On a cold night in December 1773, some three years after passage of the Tea Act by the British Parliament, colonists were fed up with the British crown’s haughty disregard of their rights as Englishmen, and they dumped 342 chests of the iconic British beverage into Boston Harbor, becoming icons themselves. The protesters (estimates range from as few as 30 to as many as 130) refused finally to be placated by repeated promises of change and reform and, rather than wait for legislative response, they exercised the Lockean right of “self-defense” and boldly resisted the alienation of their God-given liberty.
A recent poll conducted by Republican pollster Tony Fabrizio indicated that 41 percent of Americans have a favorable opinion of the Tea Party Movement. This support is manifest in the influential role played by Tea Party activists in the defeat of Governor Jon Corzine in New Jersey, the landslide election of Governor Bob McDonnell in Virginia, and most recently and visibly, Scott Brown’s historic victory in the special election in Massachusetts to fill the seat left vacant by the passing of Senator Edward Kennedy. To varying degrees, all of these men owe their success to the skill, spirit, and stamina of the men and women of the Tea Party Movement.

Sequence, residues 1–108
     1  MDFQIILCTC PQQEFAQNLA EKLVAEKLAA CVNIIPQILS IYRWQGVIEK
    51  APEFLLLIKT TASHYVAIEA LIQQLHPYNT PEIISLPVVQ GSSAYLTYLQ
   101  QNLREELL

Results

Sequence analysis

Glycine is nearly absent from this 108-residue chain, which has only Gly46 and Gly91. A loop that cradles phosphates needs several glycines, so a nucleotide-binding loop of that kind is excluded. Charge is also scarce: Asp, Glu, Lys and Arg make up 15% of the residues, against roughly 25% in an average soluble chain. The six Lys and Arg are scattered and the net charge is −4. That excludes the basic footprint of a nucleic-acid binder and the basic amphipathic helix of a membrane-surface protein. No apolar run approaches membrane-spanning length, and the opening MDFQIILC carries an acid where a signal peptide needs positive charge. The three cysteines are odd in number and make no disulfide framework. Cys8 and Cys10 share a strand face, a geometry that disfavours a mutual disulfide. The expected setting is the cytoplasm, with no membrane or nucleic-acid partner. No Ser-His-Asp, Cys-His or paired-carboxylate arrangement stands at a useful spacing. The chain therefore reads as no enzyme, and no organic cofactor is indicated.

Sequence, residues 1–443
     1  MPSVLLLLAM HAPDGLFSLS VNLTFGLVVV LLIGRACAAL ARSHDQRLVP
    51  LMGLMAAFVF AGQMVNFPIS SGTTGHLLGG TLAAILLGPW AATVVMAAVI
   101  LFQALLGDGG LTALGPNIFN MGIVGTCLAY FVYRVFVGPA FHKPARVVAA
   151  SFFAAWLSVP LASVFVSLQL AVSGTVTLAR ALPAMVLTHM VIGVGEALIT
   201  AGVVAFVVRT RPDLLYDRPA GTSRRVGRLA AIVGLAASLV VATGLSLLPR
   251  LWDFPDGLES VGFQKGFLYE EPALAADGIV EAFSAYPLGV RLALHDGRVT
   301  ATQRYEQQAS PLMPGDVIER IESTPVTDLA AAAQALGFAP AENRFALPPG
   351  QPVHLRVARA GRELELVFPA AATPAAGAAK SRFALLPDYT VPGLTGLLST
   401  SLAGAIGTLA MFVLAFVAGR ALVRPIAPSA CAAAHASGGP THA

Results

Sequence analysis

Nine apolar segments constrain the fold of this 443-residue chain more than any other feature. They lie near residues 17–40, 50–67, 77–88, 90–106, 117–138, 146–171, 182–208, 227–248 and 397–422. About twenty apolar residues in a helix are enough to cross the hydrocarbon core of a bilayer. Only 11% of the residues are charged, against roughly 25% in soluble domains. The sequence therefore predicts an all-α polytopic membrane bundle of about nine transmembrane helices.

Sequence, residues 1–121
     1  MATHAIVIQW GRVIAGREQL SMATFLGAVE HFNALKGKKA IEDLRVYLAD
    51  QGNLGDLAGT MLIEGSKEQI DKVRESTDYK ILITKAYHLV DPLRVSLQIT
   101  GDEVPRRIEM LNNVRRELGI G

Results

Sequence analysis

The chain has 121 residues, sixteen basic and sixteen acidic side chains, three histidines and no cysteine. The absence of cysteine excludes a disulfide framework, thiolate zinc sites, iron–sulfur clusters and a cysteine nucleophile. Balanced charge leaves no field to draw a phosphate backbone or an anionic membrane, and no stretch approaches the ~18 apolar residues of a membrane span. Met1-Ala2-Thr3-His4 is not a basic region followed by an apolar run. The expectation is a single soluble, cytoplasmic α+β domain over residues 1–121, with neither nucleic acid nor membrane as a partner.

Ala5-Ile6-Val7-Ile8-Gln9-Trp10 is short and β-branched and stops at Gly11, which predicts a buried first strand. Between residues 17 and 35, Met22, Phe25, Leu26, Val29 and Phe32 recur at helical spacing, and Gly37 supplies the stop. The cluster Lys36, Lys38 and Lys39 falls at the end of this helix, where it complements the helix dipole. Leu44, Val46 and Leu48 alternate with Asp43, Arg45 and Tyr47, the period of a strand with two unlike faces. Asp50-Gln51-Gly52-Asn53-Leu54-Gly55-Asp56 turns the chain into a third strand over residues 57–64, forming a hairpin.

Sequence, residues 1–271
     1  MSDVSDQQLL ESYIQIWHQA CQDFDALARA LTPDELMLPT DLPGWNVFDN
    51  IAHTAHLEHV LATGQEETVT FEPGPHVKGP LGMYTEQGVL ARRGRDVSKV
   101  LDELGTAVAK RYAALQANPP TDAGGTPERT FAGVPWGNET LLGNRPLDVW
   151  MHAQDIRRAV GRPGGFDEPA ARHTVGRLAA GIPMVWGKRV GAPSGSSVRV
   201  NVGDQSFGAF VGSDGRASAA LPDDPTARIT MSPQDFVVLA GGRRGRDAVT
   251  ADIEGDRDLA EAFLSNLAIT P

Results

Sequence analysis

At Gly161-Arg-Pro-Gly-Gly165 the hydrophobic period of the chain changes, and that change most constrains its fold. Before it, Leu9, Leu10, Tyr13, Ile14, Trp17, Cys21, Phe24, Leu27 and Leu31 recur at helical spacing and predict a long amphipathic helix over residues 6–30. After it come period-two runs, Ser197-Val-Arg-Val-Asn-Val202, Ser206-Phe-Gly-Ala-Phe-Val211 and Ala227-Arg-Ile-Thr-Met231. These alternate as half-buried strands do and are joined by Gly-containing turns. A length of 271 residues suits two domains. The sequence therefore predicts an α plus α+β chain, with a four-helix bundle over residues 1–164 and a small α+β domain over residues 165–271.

In an interview with Bill O’Reilly, left-wing pundit Alan Colmes claimed that liberals are scarcely guilty of spewing hate speech. Instead, the “hate speech,” according to Colmes (and the mainstream media) has been coming from the Right, particularly from conservative radio hosts and Tea Partiers. To say this is to ignore innumerable examples of left-wing hate propaganda, including recent accounts that have been ignored by the mainstream media.